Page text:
16. Write down even the slightest success!

Sometimes in the heat of work we waste time on it, but it is extremely important! The more attention you pay to what you do well, the more the image of your competence and self-confidence grows in your mind. It is an invaluable resource, do not give up on it, pronouncing yourself out of time.

SEE ALSO: How To Say NO To Your Boss And Coworkers: 5 Clever Strategies

17. Use your support.

Share what you experience with your loved ones, tell them about the challenges you face. Find a friendly person to talk to directly. This will give you the feeling that you are not alone. In addition, it will help to relieve stress and natural tension in such a situation. Find the support that is most suitable for you.

18. Consciously manage your energy.

If change requires a lot of energy from you and is full of challenges, provide yourself with equally intense support in every character you need: e.g. come more often to a massage, run to release tension, talk to your loved ones about what you are experiencing. Use coaching sessions or development workshops.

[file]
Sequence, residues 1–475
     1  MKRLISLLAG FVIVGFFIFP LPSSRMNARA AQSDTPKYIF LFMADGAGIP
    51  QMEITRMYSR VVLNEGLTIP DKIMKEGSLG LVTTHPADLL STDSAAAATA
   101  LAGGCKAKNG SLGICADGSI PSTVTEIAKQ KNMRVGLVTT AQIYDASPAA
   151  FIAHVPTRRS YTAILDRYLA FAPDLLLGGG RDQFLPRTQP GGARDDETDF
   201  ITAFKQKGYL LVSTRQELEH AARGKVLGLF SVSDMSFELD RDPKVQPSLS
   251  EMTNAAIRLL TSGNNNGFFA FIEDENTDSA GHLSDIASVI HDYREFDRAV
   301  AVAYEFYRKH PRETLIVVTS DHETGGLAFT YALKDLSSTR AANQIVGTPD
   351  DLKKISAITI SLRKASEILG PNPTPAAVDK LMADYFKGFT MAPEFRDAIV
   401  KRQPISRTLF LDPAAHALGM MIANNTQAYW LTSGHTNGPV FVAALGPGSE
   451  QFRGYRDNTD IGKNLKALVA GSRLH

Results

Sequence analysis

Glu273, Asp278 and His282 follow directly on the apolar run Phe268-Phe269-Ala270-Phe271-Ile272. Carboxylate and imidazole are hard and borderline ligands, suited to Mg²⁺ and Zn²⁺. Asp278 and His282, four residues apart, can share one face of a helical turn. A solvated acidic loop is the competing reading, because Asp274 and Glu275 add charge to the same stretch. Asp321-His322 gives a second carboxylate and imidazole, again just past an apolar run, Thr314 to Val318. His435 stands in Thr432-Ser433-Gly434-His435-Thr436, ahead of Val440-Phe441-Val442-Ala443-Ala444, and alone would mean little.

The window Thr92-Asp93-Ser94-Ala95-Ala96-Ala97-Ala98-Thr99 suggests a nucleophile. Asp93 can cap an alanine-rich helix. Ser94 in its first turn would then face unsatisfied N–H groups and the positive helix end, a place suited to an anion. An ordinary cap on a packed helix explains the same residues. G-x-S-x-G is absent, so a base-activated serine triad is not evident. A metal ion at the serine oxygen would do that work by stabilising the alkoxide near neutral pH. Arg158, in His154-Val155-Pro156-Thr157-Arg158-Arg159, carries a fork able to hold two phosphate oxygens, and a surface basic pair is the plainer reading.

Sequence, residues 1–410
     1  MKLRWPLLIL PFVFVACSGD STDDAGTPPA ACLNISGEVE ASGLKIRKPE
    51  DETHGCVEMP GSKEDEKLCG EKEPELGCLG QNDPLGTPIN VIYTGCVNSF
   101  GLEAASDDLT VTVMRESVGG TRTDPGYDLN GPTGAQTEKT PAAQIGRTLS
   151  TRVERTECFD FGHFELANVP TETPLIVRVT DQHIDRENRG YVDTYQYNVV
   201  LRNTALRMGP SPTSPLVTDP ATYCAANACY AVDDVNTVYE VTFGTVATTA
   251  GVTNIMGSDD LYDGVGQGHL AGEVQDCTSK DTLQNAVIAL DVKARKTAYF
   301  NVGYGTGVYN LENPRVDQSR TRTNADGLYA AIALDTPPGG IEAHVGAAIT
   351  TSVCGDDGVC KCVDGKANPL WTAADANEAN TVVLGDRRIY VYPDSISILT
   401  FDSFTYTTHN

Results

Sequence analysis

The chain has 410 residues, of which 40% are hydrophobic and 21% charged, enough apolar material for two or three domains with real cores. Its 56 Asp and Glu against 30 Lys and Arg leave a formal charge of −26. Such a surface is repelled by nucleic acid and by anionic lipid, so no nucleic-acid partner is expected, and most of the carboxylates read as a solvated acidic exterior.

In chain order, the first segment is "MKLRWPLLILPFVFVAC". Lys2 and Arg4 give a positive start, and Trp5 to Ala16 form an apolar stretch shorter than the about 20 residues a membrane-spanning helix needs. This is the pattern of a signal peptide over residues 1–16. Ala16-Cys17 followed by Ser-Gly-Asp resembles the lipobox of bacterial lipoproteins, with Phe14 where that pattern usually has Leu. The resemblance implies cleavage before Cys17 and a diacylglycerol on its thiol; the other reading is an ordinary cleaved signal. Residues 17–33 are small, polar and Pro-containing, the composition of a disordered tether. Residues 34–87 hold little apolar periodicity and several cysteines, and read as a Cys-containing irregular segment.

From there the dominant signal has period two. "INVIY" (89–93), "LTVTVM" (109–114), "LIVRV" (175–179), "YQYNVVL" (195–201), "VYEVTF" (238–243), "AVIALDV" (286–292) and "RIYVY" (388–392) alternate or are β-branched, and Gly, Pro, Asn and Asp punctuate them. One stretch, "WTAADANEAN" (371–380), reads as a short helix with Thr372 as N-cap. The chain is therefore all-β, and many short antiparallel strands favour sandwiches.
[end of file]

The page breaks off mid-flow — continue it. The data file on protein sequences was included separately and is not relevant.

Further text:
19. Reward yourself.

After all, that’s what this change is all about, so that you are happy, so that you can experience fulfilment, so that you can use your creativity and commitment to the full. Every small success, every inner victory, let it be noticed and rewarded by you: inner smile, gift for yourself, pleasure. You are a hero who dared to enter an unknown path, regardless of the outcome he won himself: fear of failure, inner limitations, uncertainty. You deserve a reward.

20. Build the foundations for a new transfer.

Once you settle down well in the new role, on the new position, it is worth starting to prepare the ground for the next transfer – build your identity independent of this particular position, scope of duties or role and constantly realize, name and write down your growing resources, including skills, crystallized values, evolving mission in life. The time you spend on it is a priceless investment in building internal self-confidence.

I want to thank you for taking the time to read my article about how to overcome fear of failure at work. I sincerely hope its contents have been a good help to you.

Przemkas Mosky
Przemkas Mosky started Perfect 24 Hours in 2017. He is a Personal Productivity Specialist, blogger and entrepreneur. He also works as a coach assisting people to increase their motivation, social skills or leadership abilities. Read more here